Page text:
Ageous - the data you show is compatible with the general run of velocities and muzzle energies published to date. Between factory loads and handloads covered in magazines there are many more bullet weights and styles, but the ballistics are, again, compatible with what you have shown.
I have been gathering as much material as I can on this round since its inception, and in fact, wrote one of the first articles on it, although it was simply an introduction to the caliber for collectors, and had no shooting data to speak of. At the time it was written, the only factory load available was the 300 Grain TMJ at 700 fps MV. (IAA Jounral #439, Sep/Oct 2004, pages 38-39). None of the articles I have seen to date have included any scholarly testing for penetration or expansion. Few of them have even touched on this subject. It is a shame that the International Wound Ballistics Association is now defunct, due I suppose to the age of all of the principals. It was one organization that did scientifically sound, scholarly testing of ammunition, and would certianly have tested the .50 G.I. had it been around at the time.
One article".50 G.I." appearing in the Shooting Times" March 2006 issue, pages 58 to 63, by David M. Fortier, makes some attempt at penetration and expansion tests:
"…I decided to have some fun by placing a heavy block of solid oak downrange and pounding it with Black Hills .45 ACP 230-grain JHP ammunition. I followed that up with one each of the five different .50 GI loads. Next, I very carefully split the piece of oak open, recovered the projectiles, and measured the depth of their penetration. Deepest penetration was obtained using Guncrafter Industrie’s 275-grain JHP factory load, which went in 3.0 inches. The .45 ACP load went 2.5 inches. The shallowest penetration was obtained with the 300-grain Speer TMJ, which went in 1.6 inches. Oak is tough
"The last round I fired was a 300-grain Speer Gold Dot, and I put it into a line of water containers to check bullet expansion. Unfortunately, it pounded through 28 inches of water and was not recovered. However, the hole it left in each container (.51 caliber) seems to indicate that the velocity was too low for reliable expansion. .....To actually check the terminal performance would require the .50GI to be properly tested in 10-percent ordnance gelatin under controlled and repeatable conditions."
Surprisingly, the water test is not as amateurish as it might sound, as it somewhat would simulate the “Fackler Water Box” which generally gives decent results when compared with the more expensive and harder to use 10% Ballistic Gelatin. Mr. Fortier carefully qualifies his results and tells the reader that the testing was not the most reliable type. I applaud his article.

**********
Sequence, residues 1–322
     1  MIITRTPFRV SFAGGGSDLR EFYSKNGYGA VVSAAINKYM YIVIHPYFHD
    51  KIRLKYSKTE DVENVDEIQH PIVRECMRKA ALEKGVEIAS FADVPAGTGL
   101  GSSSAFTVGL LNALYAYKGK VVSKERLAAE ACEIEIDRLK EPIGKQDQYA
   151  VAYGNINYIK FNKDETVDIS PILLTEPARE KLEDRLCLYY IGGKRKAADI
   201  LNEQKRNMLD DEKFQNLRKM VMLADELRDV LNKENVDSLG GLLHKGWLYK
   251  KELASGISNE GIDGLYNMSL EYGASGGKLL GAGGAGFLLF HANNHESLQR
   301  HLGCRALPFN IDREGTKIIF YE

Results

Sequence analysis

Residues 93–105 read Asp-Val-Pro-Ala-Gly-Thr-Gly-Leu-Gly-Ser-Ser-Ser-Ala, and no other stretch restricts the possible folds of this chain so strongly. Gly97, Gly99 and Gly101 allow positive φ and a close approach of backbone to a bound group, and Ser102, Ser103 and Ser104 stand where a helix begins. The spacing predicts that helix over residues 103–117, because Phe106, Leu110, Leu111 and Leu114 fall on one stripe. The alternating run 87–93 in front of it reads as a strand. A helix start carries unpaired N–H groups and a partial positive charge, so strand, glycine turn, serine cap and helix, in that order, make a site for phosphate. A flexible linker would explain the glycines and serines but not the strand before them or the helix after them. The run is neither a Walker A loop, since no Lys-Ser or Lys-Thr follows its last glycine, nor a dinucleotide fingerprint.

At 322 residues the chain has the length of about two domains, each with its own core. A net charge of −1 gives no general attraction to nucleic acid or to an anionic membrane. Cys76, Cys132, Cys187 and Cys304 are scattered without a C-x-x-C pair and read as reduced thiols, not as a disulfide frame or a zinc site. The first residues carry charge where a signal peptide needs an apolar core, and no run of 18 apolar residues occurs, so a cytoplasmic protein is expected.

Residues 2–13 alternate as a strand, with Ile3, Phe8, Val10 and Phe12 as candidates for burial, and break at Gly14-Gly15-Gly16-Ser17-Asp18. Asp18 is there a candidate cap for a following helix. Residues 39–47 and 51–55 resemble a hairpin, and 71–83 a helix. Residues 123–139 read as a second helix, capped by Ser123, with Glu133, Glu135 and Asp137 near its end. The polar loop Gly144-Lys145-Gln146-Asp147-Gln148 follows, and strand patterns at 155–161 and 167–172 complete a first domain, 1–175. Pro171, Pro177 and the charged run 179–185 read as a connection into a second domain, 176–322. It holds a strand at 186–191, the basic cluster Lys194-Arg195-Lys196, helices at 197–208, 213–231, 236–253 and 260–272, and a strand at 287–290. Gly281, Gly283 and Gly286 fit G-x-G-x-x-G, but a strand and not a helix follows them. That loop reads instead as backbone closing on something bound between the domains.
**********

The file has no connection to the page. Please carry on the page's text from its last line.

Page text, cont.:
Another article, by John Taffin in “Guns Magazine,” September 2005, pages 44 to 47, shows the “Taylor Knockout Rating” for various factory loads. Since the numbers of themselves are pretty meaningless, which even Taffin admits to, there is no sense repeating them all here. The factor takes into account bullet diameter as well as muzzle energy, and the .50 therefore performed as would be expected, with all loads producing a higher index number than did any of the .45 loads, although it was close between the lowest number obtained with a .50 load (300 grain bullet at 700fps) and the highest produced with a .45 ACP load (185 grains at 1,150fps - all loads tested with the .45 were with 185 grain bullets).
One thing you didn’t ask that is more important than any factor, since shot placement is everything with a pistol, is accuracy. All bullet weights at all velocities in all articles written, reprtedly performed with excellent accuracy, indicating that the .50GI cartridge design is one that produces inherently good accuracy.
Summary: Expansion seems to be poor with most any bullet weight or design, but no truly scholarly testing seems to have yet been done and published. The question is, is expansion a critical factor for self-defense with a bullet that begins life at .50 caliber?
Don’t know if this is of any help or interest, but it is the best I can do from the published material I have received.